It’s essential to understand the importance of glass transition temperature when choosing materials and simulating it to evaluate solder joint reliability. For example, a cracked solder joint could result from the glass transition effect of an acrylic conformal coating that bridges the component body and board, sustaining damage at the end of the cold end of the thermal cycle. The acrylic has its glass transition at around 15C (59F). When it cools below this temperature, it becomes very stiff, crushing the solder joint and increasing damage with every thermal cycle.
Understanding the CTE and glass transition temperatures of these materials remains vital, especially if you plan to operate in a transition region.
Solder Fatigue Prediction
CTE-related issues can affect the reliability of solder joints during thermal cycling in a variety of ways. The effects are complex and are unlikely to be captured solely with design rules or engineering experience. Simulation can provide the solutions and methodologies needed to accurately predict solder fatigue risk within an electronic component.
At the board level, a common solder fatigue prediction methodology is the use of closed-form solder fatigue failure models, such as those included in Ansys Sherlock, a simulation software that uses physics of failure (PoF)-based electronic design to provide life predictions at the component, board and system levels in early stage design. The closed-form equations inside Sherlock account for component and PCB materials, component sizes, solder materials and other factors to rapidly predict solder fatigue behavior for all components in an electronic assembly.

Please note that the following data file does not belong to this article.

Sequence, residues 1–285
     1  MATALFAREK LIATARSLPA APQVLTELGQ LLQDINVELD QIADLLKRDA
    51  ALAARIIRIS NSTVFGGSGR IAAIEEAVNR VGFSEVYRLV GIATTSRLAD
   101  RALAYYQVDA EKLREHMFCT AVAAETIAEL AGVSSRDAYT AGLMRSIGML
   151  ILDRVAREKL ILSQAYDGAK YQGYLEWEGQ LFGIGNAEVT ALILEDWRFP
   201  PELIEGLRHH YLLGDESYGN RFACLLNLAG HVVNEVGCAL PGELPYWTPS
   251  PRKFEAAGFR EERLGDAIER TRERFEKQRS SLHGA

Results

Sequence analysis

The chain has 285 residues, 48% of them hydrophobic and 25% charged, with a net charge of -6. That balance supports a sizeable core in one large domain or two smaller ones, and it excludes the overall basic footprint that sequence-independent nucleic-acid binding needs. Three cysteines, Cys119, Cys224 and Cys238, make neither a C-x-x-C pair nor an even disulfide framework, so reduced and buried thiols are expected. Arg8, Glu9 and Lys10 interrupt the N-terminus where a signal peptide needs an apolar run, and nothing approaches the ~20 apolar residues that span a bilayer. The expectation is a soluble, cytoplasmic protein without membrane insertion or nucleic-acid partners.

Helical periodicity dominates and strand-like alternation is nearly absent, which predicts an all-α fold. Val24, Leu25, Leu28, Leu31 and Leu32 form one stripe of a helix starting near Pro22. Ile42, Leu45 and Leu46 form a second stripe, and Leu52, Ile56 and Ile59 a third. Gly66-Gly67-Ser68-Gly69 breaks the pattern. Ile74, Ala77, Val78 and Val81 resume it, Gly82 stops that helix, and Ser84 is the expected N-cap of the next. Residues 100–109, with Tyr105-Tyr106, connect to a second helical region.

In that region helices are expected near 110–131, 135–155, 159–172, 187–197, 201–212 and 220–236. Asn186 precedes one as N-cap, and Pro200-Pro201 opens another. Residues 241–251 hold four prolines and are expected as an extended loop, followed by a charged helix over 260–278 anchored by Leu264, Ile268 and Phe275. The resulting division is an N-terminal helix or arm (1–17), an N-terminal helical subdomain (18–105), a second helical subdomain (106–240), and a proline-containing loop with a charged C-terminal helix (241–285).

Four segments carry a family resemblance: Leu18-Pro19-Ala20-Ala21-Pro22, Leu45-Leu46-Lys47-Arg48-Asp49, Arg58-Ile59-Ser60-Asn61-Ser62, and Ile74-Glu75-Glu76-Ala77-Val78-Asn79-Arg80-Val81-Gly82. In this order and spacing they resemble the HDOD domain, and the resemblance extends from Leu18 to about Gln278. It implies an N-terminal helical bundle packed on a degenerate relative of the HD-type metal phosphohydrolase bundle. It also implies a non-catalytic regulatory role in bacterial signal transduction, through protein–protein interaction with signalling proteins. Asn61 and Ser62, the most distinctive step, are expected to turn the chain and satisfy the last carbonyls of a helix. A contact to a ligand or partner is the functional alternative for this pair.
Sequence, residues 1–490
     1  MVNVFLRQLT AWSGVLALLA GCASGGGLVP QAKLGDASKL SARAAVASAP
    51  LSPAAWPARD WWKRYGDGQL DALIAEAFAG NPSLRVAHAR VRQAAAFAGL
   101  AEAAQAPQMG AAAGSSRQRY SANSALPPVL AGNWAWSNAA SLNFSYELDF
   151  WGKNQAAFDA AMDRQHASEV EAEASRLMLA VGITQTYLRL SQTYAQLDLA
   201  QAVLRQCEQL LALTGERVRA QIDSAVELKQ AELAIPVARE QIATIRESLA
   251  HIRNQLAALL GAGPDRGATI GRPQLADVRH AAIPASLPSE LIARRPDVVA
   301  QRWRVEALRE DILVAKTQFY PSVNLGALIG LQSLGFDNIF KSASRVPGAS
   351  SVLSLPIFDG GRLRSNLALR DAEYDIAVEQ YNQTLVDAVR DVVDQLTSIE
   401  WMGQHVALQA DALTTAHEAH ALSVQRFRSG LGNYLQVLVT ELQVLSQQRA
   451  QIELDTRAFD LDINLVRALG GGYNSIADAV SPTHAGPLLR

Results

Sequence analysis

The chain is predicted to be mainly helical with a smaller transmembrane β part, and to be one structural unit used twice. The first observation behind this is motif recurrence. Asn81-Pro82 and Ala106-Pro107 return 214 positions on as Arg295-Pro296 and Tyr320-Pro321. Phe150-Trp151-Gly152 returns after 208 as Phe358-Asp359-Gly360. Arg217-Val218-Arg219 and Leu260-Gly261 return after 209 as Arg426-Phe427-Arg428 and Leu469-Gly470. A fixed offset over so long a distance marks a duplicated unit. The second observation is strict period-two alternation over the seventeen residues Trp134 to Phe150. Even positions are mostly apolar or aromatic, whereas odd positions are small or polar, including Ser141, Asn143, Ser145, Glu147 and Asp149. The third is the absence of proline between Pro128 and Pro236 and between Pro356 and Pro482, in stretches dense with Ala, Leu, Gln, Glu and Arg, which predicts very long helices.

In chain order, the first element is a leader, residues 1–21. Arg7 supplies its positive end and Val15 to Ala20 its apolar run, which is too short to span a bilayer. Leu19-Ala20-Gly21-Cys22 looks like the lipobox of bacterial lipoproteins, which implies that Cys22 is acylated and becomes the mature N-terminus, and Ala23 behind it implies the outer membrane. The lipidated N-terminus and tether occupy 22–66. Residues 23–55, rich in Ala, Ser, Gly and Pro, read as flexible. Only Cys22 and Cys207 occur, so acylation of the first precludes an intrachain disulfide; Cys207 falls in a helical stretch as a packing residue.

At the component-level, detailed 3D simulation inside Ansys Mechanical, can be used to calculate the accumulated creep work in a critical solder joint of a single component during a thermal cycle. This output can then be used with a variety of existing powerlaw formulas to generate a prediction for the number of cycles to failure.
Whichever finite element analysis (FEA) method used, the solder fatigue predictions will not be accurate unless CTE inputs are correct. In the electronics industry, boards and component laminates often have complex structures whose CTEs are difficult to estimate without physical measurement. Ansys often conducts digital image correlation (DIC) measurements of CTE at the initiation of solder fatigue simulation activities to ensure accurate material property inputs.
Watch the webinar Ensuring Accurate Material Properties for Simulation with Digital Image Correlation (DIC) to learn how to accurately determine CTE and avoid solder fatigue risk using DIC.
Solder fatigue remains a major cause of failure in the electronics world. Most companies that design and manufacture electronics have likely experienced this issue. Accurately quantifying component and PCB CTEs and conducting informed thermal cycling simulations can provide companies with actionable data to determine if products face solder fatigue risk and what solutions exist to mitigate the risk.